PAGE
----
Sunday, April 8, 2012

Art Feature: When War Arrives

I don't feel safe in this place anymore, but I feel like I finally have a role. Strange how war brings more roles for people into the community that weren't there in a time of peace.
There's a humvee on nearly every block these days, parked, sometimes empty, but there. It's supposed to be reassuring, I suppose, and there for our safety. It's just a new lawn ornament to me. Nothing special.

I've taken up running again. Haven't done that in years. It's really not safe to walk around, or run, but I still do it. My weights are getting more work too, but the straps that used to bind them to my ankles and wrists have long since worn through. Their weight distribution was uncomfortable anyway; I've restitched them, spread them out a bit more, added more weight. I'm getting stronger, faster, and I keep adding more weight. I know there's supposed to be a point where they do more harm than good, but I've passed that point and my body is holding together better than ever.

I'm seeing more and more people out walking, but fewer of them running. Those that are are still passing me up, making jokes about my youth and lack of effort, but I see the skimpy clothes they wear and those are completely unrealistic. I'm just wearing modified street clothing, but my whole wardrobe is modified these days. I've been wearing a lot more weight, not just in sand and metal bars when I exercise, but I've been fairly heavily armed. Not when I'm running though; then I just wear my two favorite blades, one metal, one hardened plastic, one on my left wrist, one in a special pocket in my right armpit. All the sheaths are home-made; when everybody else was running in the front doors and raiding the gun shops and grocers, I had my car pulled up to the back loading dock of the craft store. People looked at me like I was crazy, but when industries start to fail, they'll be wishing they'd had my forethought.
The government barely bothers with the warning level anymore. Those who still watch television keep track of it, I suppose, but to those of us who are more careful with our energy-allocation, it might as well be red/high all the time. It really doesn't matter: we're living every day just the same as the last.

Continue reading "When War Arrives" on deviantArt or Lemonfingers.

I wrote this before Hunger Games came out, when the book I enjoyed the most with war involved was Souls In The Great Machine. Four songs cycling in my head brought out this strange creation, blended with aspects of my dreams and concepts created by Jim Butcher and Charles deLint.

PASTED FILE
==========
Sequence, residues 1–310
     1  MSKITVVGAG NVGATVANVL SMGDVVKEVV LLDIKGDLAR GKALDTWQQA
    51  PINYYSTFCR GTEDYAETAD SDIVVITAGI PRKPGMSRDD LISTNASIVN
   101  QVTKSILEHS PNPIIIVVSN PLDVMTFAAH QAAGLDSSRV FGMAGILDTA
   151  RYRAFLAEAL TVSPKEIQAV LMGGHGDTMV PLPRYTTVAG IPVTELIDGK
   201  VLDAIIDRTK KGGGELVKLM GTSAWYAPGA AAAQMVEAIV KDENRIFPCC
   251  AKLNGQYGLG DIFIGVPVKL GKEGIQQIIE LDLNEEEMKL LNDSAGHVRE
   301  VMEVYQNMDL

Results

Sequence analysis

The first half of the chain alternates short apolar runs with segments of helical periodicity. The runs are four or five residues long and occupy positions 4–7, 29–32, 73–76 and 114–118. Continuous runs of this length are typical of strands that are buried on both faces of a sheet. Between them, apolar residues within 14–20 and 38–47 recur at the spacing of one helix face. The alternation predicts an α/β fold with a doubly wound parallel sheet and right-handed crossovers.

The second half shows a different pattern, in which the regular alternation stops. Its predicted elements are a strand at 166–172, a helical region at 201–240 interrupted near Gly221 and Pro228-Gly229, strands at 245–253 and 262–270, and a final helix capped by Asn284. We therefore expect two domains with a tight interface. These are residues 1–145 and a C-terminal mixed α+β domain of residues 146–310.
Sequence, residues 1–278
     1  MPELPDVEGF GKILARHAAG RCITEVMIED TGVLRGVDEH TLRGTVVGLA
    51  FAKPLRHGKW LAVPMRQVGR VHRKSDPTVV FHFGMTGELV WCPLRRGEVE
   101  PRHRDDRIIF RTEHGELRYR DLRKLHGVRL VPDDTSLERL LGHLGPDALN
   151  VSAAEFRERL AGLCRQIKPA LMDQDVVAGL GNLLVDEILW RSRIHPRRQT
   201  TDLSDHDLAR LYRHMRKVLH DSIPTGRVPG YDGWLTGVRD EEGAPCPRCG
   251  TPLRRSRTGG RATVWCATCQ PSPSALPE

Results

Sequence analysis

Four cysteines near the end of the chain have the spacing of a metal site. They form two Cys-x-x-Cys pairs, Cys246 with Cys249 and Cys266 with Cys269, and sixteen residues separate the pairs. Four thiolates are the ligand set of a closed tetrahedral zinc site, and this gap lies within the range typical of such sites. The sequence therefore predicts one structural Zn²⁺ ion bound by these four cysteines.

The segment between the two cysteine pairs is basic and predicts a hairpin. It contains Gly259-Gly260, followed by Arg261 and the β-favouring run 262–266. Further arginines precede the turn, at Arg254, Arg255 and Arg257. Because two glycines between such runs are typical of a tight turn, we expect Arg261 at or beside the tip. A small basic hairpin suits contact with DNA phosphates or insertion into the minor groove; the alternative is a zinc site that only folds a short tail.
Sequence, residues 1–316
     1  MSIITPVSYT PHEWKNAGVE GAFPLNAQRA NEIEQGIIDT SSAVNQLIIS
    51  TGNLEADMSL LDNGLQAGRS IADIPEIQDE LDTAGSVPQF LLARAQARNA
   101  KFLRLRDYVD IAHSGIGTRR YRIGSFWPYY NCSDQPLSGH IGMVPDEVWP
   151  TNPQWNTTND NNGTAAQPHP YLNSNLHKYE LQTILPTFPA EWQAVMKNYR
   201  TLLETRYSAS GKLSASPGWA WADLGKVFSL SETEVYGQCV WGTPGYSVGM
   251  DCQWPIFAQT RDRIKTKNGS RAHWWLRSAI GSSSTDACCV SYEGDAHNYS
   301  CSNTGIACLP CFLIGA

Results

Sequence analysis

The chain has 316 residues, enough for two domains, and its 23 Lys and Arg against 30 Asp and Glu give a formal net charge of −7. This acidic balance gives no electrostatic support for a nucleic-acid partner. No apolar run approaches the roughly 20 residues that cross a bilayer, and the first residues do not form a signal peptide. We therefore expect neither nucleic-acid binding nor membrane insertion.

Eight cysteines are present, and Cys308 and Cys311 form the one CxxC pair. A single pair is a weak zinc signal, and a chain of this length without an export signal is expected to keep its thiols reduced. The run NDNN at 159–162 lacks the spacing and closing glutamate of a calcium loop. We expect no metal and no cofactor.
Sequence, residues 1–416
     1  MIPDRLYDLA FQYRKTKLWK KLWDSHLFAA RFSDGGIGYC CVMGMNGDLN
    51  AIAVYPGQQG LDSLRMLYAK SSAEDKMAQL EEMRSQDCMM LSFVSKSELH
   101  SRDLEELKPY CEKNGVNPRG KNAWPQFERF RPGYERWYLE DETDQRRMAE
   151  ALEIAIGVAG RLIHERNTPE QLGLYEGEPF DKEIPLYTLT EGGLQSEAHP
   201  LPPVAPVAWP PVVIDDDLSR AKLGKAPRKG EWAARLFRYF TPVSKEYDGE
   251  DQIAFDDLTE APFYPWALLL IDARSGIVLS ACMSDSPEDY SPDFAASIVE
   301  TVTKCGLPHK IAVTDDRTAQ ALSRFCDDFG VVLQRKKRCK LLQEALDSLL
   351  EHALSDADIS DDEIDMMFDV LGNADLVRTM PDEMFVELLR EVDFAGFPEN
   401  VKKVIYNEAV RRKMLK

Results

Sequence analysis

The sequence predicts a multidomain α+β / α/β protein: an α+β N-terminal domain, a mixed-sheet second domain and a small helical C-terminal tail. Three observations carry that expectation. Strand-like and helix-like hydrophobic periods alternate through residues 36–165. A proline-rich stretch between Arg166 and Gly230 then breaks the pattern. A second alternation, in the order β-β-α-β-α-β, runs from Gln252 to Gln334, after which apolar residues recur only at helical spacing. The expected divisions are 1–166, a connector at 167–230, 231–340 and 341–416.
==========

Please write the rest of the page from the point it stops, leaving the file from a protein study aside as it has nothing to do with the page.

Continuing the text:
From my dreams I pulled my wish to get so used to wearing weights that I could operate and behave normally (and continue to add more weight). I know, realistically, even if my body could handle such a thing--at this point it can't--that eventually the curve would flatten out and adding more weight would only cause damage. I reference this directly in the story.

Charles deLint is a little more difficult to spot: he brings in the doorways into alternate worlds. I'll admit that plenty of other illustrious authors have used this concept, including Phillip Pullman, who I am guilty of reading, but he was not on my mind as I wrote this.

Jim Butcher is also an indirect reference, weighing in with the momentum rings that Dresden wears comparing to how much weight I wore affecting the way my body changed to my needs, as if every time I swung my arms wearing either the weights or weapons, my body would store the potential for improvement.

Remember, also, that I was drawing inspiration from a playlist cycling randomly about my head: "The Sharpest Lives" by My Chemical Romance, "Hands Held High" by Linkin Park, "Let Me Take You There" by Plain White T's, and "Hold On" by Kansas. I don't know what drew me to spin this combination, but whatever state of mind it brought me to, it was deep enough to feed me this story.

The story itself takes place in a world that is suffering from a horrible war. Maybe the terrorists are winning, maybe it's a universe where the Cold War didn't stay cold. But the main character, instead of being the kind of person who goes off to fight, instead stays home. This gives him the opportunity to become a victim of the war, but that never happens. Instead of being a victim, he rises above the situation, literally, and somehow (even I don't know how) turns himself into something more.

If I had left the story hanging, without the commentary at the end, I feel as if there would have been more focus on the character--the world he stepped over to, what happened to his future--instead of the world in which he came from. I've had readers asking me about the war, about that world, about what happens to his body, but none asking what happened to his mind, or on the other side of wherever he stepped through to, so I think I succeeded.

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